ANTI-GOVERNMENT protesters on Monday occupied key intersections in Bangkok in what they described as an effort to shut down the Thai capital and derail Feb. 2 elections called by Prime Minister Yingluck Shinawatra, sister of Thaksin Shinawatra, who was ousted as prime minister in 2006.
— Sept. 19. The army topples Prime Minister Thaksin Shinawatra in a bloodless coup. The takeover follows months of protests led by the People’s Alliance for Democracy, known as the “Yellow Shirts,” who accused Thaksin of corruption and abuse of power.
— December: The People’s Power Party, a proxy for Thaksin’s disbanded Thai Rak Thai party, easily wins elections and later chooses veteran politician Samak Sundaravej as prime minister.
— May: The Yellow Shirts launch protests against Samak, accusing him of being Thaksin’s puppet.
— August: Thousands of Yellow Shirts take over the prime minister’s office compound and stay for three months. They later take over Bangkok’s two airports for a week, halting air travel.
— September: Samak is removed from office after a court rules payment for an appearance on a TV cooking show constituted conflict of interest. Parliament selects Somchai Wongsawat — Thaksin’s brother-in-law — as his successor.
— October: The Supreme Court sentences Thaksin to two years in prison for corruption. Thaksin had fled to Britain two months earlier to avoid the conviction.
— December: Protesters vacate the airports and the prime minister’s office after a court finds Somchai’s party guilty of electoral fraud and dissolves it. With the backing of the military, opposition Democrat Party leader Abhisit Vejjajiva is chosen prime minister.
— March: Pro-Thaksin “Red Shirt” protesters pour into Bangkok in a bid to drive Abhisit from power, kicking off protests that shut down parts of the city. Mysterious armed “men-in-black” serve as a militia for them.
— May: Soldiers storm the demonstrators’ camp, ending the protest. More than 90 die and around 1,800 are wounded during the protests, mostly demonstrators.
— July: The Thaksin-backed Pheu Thai party wins election by a landslide. Yingluck Shinawatra becomes Thailand’s first female prime minister.
— December: Former Prime Minister Abhisit and his deputy, Suthep Thaugsuban, are charged with murder for approving the May 2010 crackdown on Red Shirt protesters.
— August: The government introduces an amnesty bill covering political offenders since the 2006 coup, but excluding leaders.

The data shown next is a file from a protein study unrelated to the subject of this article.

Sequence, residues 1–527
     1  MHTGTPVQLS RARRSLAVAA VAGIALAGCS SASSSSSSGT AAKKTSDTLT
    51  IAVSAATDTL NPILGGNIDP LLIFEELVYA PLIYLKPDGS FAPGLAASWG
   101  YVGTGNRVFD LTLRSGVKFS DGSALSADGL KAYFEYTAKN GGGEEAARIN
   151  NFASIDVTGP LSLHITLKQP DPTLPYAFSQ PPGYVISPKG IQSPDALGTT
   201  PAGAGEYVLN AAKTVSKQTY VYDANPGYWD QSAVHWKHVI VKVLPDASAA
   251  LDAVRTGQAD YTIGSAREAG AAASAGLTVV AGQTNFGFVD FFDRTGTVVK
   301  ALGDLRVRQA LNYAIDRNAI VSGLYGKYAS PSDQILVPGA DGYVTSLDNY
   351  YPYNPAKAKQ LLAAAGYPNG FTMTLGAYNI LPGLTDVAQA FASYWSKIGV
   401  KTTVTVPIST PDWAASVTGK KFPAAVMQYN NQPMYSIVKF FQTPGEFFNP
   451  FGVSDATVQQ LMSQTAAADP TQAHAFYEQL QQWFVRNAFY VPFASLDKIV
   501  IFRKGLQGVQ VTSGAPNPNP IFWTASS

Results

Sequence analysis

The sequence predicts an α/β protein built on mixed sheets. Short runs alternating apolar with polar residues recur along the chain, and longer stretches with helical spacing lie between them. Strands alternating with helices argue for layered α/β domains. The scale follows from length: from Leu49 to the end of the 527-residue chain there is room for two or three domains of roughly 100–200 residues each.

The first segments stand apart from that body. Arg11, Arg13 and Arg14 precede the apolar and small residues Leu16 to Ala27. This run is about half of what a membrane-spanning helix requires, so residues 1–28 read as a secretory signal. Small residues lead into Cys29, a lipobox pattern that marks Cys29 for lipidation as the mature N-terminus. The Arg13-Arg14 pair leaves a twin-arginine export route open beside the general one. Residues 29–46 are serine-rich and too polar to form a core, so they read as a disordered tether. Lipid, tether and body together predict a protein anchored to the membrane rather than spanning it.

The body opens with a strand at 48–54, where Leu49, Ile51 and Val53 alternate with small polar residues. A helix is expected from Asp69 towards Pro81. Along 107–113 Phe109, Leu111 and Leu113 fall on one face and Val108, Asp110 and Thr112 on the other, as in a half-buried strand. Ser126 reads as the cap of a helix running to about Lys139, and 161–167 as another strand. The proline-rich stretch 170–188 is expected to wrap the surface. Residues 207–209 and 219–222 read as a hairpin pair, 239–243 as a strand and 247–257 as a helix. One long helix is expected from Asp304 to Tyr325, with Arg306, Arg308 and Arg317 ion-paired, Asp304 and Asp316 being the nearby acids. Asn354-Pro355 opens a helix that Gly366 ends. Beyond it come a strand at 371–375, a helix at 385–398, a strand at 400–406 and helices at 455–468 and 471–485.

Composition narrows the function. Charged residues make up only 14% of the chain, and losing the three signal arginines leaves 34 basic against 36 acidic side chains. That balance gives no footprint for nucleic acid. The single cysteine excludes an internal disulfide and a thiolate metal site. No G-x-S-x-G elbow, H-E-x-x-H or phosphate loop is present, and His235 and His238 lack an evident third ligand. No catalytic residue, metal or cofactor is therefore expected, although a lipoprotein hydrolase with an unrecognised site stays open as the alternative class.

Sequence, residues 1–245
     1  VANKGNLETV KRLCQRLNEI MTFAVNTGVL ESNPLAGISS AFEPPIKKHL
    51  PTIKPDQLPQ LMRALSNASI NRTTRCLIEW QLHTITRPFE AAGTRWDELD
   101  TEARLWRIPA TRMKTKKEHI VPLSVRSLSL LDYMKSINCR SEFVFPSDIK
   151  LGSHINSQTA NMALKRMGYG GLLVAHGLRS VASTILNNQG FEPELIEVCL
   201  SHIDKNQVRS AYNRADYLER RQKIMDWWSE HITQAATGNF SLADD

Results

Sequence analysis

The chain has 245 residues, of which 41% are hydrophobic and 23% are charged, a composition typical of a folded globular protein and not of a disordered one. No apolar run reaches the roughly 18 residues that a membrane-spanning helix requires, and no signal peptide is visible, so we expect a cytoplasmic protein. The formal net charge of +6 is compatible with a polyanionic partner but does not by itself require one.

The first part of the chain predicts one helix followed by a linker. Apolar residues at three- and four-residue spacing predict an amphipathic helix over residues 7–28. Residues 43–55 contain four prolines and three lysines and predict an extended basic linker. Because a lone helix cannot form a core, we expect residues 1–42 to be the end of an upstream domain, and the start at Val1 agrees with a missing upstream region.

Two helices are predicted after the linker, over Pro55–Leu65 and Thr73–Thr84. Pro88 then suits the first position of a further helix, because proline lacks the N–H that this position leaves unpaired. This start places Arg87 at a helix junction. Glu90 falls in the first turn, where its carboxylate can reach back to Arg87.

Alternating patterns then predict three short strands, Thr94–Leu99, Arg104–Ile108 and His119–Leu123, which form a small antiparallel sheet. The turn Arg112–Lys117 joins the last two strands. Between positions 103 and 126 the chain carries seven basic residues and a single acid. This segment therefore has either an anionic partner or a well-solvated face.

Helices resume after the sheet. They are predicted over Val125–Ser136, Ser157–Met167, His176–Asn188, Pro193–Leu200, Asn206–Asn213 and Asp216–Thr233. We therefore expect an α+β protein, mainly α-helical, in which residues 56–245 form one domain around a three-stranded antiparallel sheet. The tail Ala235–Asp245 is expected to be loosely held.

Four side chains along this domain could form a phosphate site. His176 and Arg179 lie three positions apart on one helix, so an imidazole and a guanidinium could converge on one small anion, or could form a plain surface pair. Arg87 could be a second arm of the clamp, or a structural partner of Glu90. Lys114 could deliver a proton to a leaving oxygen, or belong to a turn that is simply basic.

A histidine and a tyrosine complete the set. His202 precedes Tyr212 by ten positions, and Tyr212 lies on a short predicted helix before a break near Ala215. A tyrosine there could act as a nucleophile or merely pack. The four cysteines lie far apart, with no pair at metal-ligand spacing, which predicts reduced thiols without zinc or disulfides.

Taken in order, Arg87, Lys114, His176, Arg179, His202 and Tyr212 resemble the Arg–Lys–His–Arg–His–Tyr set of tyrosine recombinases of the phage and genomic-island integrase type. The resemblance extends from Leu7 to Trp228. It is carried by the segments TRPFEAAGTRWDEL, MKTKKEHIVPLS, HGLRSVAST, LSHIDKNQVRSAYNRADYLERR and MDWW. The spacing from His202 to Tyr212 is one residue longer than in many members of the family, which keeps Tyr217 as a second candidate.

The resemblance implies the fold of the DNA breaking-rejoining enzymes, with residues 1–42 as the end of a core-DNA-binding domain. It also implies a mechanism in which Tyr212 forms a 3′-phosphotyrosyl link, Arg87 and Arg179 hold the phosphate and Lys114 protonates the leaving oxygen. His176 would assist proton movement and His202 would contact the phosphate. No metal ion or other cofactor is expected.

— Nov. 1: The lower house of Parliament passes a version of the bill amended to cover political leaders including Thaksin. Public anger builds and the anti-Thaksin movement quickly gains strength, even as the government kills the bill.
— Nov. 24: Anti-government rallies in Bangkok by the People’s Democratic Reform Committee draw well over 100,000 people. The next day, tens of thousands of hardcore supporters besiege several government ministries and offices.
— Nov. 26: Suthep, who resigned from the Democrat Party to lead the protests, demands that the government be dissolved and an unelected “people’s council” be established. It would implement reforms to eliminate all vestiges of Thaksin’s political power.
— Dec. 1: Protesters fail to attain their declared “victory day” goal of seizing the prime minister’s offices and police headquarters. Heavy street fighting continues the next day.
— Dec. 3: Authorities allow protesters to make a symbolic occupation of the Bangkok police headquarters and prime minister’s offices. The government says it wanted to avoid further violence ahead of King Bhumibol Adulyadej’s birthday on Dec. 5.
— Dec. 9: Yingkluck announces she will dissolve the lower house of Parliament and call new elections on Feb. 2. An estimated 100,000 protesters march through Bangkok’s streets demanding that the country be purged of Thaksin’s influence.
— Dec. 21: The opposition Democrat Party announces it will boycott the election. The protesters have already said they will try to stop the polls, demanding “reform before election.”
— Dec. 26: Protesters block and then invade venue where election candidates are trying to register, setting off a melee with police. A policeman and a protester are killed. Candidate registration is also blocked in several southern provinces.
— Jan. 7: Thailand’s state anti-corruption body rules that 308 pro-government lawmakers acted illegally in passing a bill to make the Senate an all-elected body. The ruling calls for further investigation of the lawmakers, and could eventually result in their being banned from politics.
— Jan. 13: The protesters occupy seven major intersections in Bangkok in what they call an effort to shut down the capital and force Yingluck’s caretaker government to step down. They also cut electricity and water to several government ministries, and vow to stay until they obtain their goal.